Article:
Angelina Godoy, a professor of international studies and director of the UW Center for Human Rights, was in Washington, D.C., on Wednesday, Nov. 2, to support former political prisoners from El Salvador as they presented complaints before an arm of the Organization of American States.
Carlos Santos, who spoke at the meeting, was one of hundreds of men and women tortured in Salvadoran prisons during the civil war from 1980 to 1992. Salvadoran courts have denied the former prisoners redress, so Santos addressed the Inter-American Commission on Human Rights. He is a member the Committee of Political Prisoners of El Salvador. Wednesdays proceedings were the first step, Godoy said, in what will probably be a years-long fight to make El Salvador officially acknowledge that Santos and others like him were wrongfully imprisoned and mistreated.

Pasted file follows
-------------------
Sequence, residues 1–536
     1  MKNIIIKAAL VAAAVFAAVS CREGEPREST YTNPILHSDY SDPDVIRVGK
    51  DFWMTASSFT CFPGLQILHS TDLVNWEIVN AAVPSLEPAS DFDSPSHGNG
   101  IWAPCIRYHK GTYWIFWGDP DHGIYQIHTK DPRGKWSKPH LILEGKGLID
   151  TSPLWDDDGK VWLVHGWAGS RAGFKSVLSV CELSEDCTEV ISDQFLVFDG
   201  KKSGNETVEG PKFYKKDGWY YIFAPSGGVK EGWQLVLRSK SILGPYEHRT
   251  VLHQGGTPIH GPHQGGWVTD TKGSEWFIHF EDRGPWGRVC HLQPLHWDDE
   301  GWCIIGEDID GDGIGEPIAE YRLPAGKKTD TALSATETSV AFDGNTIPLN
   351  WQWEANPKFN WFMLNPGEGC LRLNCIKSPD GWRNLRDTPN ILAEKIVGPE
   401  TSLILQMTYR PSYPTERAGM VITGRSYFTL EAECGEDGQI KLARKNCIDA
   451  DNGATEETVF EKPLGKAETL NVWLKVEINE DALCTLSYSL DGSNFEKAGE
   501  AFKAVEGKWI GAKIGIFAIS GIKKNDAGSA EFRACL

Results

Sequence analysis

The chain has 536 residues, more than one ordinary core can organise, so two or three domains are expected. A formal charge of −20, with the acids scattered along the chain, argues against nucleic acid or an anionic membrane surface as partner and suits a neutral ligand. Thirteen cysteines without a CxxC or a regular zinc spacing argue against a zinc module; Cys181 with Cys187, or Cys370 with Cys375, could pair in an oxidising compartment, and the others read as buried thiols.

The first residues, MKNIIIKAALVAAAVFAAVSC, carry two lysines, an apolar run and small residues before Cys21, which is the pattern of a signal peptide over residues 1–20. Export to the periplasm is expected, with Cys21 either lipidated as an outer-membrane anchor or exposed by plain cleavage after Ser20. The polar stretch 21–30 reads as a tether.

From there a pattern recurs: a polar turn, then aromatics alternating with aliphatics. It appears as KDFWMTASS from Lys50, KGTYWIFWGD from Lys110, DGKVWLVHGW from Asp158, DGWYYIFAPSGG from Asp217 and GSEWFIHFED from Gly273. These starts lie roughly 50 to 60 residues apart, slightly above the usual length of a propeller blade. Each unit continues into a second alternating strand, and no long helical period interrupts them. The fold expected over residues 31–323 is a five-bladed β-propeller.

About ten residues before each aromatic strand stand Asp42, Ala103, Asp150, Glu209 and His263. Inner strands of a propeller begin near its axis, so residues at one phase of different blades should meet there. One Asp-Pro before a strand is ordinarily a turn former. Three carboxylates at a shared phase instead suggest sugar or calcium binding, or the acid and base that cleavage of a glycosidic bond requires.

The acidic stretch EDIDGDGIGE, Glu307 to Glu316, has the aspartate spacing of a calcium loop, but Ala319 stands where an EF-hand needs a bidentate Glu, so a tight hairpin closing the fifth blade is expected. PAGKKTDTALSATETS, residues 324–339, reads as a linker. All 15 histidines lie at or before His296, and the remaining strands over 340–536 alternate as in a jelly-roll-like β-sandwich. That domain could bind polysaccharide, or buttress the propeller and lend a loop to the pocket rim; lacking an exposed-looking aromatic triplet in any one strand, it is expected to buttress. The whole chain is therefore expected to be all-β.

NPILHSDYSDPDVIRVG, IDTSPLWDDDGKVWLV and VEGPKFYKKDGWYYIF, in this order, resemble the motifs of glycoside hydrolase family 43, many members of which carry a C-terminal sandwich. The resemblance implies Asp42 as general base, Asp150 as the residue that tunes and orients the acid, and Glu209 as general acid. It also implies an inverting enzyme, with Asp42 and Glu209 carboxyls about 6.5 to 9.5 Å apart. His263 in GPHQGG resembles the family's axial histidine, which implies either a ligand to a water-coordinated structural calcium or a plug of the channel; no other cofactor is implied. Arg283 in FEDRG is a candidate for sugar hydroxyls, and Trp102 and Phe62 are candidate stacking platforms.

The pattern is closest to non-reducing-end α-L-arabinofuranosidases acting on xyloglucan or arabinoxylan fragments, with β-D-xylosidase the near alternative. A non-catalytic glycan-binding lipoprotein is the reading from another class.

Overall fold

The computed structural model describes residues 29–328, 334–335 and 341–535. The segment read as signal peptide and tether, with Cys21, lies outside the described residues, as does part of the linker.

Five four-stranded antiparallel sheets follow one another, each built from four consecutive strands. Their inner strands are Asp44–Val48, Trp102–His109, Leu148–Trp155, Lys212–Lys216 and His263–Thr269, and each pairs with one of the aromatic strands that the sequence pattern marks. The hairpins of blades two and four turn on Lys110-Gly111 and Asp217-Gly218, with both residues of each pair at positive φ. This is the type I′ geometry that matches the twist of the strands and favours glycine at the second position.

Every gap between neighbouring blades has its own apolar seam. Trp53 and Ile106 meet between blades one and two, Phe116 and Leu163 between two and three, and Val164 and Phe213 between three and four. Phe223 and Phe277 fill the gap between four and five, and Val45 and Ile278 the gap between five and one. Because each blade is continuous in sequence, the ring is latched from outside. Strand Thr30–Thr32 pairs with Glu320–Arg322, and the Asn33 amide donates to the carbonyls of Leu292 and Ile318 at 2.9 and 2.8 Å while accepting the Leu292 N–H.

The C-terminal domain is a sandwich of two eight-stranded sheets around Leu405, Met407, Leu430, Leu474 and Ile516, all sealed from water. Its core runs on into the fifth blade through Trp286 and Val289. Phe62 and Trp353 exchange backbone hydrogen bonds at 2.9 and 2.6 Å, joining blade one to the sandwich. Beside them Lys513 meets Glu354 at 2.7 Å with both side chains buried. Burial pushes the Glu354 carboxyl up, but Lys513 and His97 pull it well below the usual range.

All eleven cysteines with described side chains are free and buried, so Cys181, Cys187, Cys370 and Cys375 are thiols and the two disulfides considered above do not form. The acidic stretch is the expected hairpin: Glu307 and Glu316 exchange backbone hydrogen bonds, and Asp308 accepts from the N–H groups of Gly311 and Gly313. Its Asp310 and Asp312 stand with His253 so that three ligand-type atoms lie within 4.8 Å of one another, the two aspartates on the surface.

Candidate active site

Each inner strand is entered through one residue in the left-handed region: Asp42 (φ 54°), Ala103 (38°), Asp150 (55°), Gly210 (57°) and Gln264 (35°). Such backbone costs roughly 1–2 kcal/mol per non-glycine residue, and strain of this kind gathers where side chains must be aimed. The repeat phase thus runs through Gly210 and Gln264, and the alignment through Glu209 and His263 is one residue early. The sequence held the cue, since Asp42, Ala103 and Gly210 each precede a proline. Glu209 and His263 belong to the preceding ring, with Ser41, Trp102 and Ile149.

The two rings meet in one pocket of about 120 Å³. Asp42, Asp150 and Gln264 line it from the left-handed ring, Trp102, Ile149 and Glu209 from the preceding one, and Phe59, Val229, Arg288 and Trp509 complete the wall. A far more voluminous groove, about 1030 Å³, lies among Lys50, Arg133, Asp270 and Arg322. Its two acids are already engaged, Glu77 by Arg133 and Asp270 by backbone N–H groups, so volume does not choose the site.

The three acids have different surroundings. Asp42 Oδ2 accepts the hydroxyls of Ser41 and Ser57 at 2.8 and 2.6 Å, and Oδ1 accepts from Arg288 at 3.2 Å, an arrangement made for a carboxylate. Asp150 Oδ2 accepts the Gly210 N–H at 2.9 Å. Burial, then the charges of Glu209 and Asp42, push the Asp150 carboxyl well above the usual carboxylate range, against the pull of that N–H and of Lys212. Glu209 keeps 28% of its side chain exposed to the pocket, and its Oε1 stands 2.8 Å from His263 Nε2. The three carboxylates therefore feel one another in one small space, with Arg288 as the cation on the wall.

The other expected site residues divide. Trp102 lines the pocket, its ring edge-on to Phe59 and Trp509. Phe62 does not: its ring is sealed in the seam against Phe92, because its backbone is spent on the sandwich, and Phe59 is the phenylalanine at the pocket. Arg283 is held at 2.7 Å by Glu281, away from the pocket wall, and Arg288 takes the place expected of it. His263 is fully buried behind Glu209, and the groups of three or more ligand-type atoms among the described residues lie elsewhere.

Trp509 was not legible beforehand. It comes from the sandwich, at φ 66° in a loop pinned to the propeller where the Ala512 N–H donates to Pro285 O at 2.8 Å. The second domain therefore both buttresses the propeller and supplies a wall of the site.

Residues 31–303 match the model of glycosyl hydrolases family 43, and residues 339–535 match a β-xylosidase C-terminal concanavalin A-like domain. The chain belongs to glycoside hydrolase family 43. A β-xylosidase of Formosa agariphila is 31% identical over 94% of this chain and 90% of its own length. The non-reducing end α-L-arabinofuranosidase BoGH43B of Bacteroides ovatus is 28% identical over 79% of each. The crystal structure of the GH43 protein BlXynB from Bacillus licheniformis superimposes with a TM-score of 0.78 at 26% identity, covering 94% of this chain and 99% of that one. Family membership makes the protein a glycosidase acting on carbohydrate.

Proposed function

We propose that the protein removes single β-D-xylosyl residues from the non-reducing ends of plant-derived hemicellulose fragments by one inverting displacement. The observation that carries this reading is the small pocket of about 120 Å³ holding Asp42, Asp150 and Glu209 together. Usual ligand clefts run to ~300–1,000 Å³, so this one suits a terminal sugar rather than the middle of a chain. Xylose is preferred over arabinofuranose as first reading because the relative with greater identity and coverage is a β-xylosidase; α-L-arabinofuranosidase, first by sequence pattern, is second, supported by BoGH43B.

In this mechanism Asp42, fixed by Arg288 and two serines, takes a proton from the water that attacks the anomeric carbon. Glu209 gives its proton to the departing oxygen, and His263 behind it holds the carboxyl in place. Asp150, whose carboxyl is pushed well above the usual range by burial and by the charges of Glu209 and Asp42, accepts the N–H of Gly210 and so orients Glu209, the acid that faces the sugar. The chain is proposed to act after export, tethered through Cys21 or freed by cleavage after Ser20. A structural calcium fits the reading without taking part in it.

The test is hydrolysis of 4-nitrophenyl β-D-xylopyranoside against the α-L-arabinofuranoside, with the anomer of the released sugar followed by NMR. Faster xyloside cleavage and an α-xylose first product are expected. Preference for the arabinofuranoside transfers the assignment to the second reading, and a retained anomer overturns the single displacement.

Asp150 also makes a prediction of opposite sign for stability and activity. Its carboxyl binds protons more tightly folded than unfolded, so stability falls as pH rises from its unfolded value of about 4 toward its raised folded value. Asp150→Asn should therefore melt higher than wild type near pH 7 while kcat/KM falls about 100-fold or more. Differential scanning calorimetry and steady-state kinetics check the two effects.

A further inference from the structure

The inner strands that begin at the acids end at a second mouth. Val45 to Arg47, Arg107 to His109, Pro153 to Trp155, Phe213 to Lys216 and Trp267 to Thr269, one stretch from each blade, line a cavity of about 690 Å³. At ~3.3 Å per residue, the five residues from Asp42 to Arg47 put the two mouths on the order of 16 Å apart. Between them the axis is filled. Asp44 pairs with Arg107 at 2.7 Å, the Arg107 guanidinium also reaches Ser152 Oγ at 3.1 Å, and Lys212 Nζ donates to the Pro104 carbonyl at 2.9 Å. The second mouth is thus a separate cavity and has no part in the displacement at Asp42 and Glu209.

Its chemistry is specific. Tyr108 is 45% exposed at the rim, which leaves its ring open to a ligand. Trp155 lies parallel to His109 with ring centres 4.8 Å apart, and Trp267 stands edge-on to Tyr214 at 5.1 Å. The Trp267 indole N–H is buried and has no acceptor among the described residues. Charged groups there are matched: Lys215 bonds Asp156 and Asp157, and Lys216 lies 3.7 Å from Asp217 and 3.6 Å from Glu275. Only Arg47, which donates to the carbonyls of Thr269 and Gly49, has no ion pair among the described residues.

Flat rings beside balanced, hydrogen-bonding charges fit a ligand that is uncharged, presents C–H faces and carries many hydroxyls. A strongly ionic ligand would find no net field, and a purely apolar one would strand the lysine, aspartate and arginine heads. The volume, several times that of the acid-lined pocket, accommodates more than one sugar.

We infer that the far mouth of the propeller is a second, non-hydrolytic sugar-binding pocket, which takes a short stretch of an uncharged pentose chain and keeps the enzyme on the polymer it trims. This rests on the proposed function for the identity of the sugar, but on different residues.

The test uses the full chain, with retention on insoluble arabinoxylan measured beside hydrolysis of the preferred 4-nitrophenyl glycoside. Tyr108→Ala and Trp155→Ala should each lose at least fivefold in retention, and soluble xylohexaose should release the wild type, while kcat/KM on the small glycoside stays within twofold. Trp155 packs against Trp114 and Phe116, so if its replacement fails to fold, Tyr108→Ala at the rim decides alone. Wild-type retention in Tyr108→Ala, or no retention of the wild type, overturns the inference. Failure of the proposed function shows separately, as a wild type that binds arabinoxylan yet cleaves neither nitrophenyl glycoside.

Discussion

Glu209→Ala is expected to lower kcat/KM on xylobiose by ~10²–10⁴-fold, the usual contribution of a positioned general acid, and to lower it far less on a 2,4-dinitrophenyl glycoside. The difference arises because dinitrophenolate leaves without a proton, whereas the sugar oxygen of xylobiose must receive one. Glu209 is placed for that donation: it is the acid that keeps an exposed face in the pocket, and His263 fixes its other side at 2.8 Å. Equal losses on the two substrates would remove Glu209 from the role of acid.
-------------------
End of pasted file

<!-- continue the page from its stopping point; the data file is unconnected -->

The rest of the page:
The 2009 election of Mauricio Funes, of the Farabundo Marti National Liberation party, to the Salvadoran presidency has increased possibilities for dialogue about the past, Godoy said, but none of the officials responsible for war crimes have been brought to justice.
Godoy, who holds the Helen H. Jackson Chair of Human Rights, also plans to introduce the Salvadorans to leaders of various human rights organizations in the Washington area. She is working with members of the Committee of Political Prisoners on a book documenting their experiences. The Center for Human Rights collaboration with the former prisoners is supported by the Puffin Foundation.